Physical Discipline

A letter dated 24 January 1993 written on behalf of the Universal House of Justice addressed the important issue of violence and sexual abuse of women and children.10   In this letter, the House of Justice explains, in brief, the Bahá’í perspective on physical discipline and underlines the distinction between this and the forms of violent and physically abusive behaviour that prevail in society:

While the physical discipline of children is an acceptable part of their education and training, such actions are to be carried out “gently and patiently“ and with “loving care“, far removed from the anger and violence with which children are beaten and abused in some parts of the world. To treat children in such an abhorrent manner is a denial of their human rights, and a betrayal of the trust which the weak should have in the strong in a Bahá’í community.

Indeed, unless carried out in the patient and loving manner described above, it is suggested that all forms of discipline could have deleterious results on the development of the child.

Physical Punishment

The Research Department has not been able to locate specific statements in the Writings which provide a precise definition of the kinds of physical punishment Bahá’í parents are permitted to use nor any indication concerning when such approaches should be employed. The Spiritual Assembly might, however, be interested in the following extract from a letter of 12 August 1975 written on behalf of the Universal House of Justice in response to a question about the advisability of using this type of punishment:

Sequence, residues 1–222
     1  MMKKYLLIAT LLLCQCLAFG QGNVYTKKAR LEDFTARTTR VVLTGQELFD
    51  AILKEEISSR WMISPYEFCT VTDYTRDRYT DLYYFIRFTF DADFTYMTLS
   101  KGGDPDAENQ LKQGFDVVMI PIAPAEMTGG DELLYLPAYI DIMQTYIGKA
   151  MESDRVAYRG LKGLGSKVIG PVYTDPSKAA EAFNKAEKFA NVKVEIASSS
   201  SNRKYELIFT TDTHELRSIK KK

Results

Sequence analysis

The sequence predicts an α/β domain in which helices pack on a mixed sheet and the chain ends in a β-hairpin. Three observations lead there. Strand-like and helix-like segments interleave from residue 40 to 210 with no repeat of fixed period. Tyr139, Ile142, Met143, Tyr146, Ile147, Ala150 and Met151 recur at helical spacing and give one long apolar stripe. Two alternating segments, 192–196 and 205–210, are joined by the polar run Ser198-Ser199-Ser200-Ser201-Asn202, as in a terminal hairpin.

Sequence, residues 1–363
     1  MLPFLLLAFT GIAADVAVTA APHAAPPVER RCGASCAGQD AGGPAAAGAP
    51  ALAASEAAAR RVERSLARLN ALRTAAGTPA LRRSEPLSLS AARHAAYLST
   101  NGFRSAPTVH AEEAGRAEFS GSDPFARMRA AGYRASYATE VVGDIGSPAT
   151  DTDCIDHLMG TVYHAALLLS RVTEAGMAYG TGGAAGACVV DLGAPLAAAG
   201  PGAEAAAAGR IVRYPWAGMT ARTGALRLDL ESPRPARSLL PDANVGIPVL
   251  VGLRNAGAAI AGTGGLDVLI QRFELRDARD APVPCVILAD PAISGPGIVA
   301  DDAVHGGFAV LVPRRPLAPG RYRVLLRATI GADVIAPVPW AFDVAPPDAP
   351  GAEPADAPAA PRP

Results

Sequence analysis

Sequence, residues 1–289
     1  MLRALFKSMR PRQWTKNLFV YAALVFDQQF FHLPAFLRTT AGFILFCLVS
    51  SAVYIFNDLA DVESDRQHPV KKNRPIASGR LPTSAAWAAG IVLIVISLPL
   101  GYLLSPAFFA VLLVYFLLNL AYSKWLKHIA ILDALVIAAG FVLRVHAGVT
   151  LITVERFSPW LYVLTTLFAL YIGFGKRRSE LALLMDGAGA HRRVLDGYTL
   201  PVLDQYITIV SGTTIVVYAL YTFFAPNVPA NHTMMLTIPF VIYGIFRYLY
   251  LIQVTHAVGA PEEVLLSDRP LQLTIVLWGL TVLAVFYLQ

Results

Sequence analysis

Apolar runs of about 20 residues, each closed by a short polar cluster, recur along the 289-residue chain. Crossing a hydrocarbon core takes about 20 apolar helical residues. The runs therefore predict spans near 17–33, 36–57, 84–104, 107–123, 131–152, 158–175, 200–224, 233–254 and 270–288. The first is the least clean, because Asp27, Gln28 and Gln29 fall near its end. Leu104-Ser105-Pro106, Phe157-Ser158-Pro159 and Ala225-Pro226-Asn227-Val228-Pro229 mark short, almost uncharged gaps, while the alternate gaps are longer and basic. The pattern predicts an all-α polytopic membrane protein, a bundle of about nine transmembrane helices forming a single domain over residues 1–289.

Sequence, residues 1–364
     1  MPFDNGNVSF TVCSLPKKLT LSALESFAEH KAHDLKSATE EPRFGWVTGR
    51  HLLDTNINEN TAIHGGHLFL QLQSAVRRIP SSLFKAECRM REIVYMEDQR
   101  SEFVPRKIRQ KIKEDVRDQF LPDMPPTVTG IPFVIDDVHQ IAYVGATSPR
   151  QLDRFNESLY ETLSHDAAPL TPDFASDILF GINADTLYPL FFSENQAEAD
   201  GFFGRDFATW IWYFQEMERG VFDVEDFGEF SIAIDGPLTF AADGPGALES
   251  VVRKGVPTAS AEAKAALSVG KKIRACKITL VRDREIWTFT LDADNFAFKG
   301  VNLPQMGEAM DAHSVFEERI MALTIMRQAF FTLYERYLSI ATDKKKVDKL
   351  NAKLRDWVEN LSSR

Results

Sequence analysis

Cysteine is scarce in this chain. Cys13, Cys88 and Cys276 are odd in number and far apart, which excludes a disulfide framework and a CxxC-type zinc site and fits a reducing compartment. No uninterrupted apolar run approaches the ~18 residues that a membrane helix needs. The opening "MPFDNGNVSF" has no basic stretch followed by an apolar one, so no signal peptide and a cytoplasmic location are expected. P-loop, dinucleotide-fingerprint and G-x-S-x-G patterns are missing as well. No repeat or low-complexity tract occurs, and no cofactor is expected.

As to your question about the use of physical punishment in child training, although there is a Tablet of the Master which considers beating as not permissible, this does not necessarily include every form of corporal punishment In order to have a full grasp of the Master’s attitude towards punishment, one has to study all His Tablets in this respect. For the time being, no hard and fast rule can be laid down, and parents must use their own wise discretion in these matters until the time is ripe for the principles of Bahá’í education of children to be more clearly elucidated and applied.

In light of the foregoing, we wish to call attention to the following:

While violent and abusive “beating“ is forbidden, there would appear to be a range of actions that could constitute acceptable forms of physical punishment. For example, in addition to hitting a child (in a non-abusive manner), might not such techniques as physically holding or restraining the child, temporarily removing the child from the scene (“time-out“), confining the child to home (“grounding“), and the deprivation of certain privileges be possibly regarded as acceptable forms of physical punishment?

The House of Justice cautions that, for the present, “no hard and fast rule can be laid down“, and it allows for parental discretion in deciding on the means of discipline that best fits their particular situation.

The exercise of parental discipline and the punishment of children need to take into consideration the whole range of valuable approaches to the training of children that are mentioned in the Bahá’í Writings. The compilation Bahá’i Education will serve as a useful source of relevant guidelines on this subject.

References

1 Tablets of Bahá’u’lláh Revealed after the Kitáb-i-Aqdas (Wilmette: Bahá’í Publishing Trust, 1988), p. 27.

2 Ibid., p. 66.

3 Ibid, p. 164.

4 Ibid. See, for example, pp. 129-130.

5 Ibid., p. 93.

6 Tablet recently translated from the Arabic.

7 Qur’an 33:25.

8 Selections from the Writings of ‘Abdu’l-Baha (Haifa: Bahá’í World Centre, 1982), sec. 95, p. 125.

9 Naw-Ruz 1974 letter from the Universal House of Justice to the Bahá’ís of the World.

10. Canadian Bahá’í News, July 1993, pp. 41-43.

 

What’s been your experience trying to implement these teachings?  How has this helped you understand the topic better?  Post your comments below!